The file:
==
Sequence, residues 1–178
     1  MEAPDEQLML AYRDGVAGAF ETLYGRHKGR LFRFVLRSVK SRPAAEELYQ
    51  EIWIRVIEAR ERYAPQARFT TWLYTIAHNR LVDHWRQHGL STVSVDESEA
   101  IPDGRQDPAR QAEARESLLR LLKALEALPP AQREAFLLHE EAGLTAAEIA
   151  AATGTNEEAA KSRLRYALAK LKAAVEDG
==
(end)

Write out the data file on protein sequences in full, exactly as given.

Sequence, residues 1–178
     1  MEAPDEQLML AYRDGVAGAF ETLYGRHKGR LFRFVLRSVK SRPAAEELYQ
    51  EIWIRVIEAR ERYAPQARFT TWLYTIAHNR LVDHWRQHGL STVSVDESEA
   101  IPDGRQDPAR QAEARESLLR LLKALEALPP AQREAFLLHE EAGLTAAEIA
   151  AATGTNEEAA KSRLRYALAK LKAAVEDG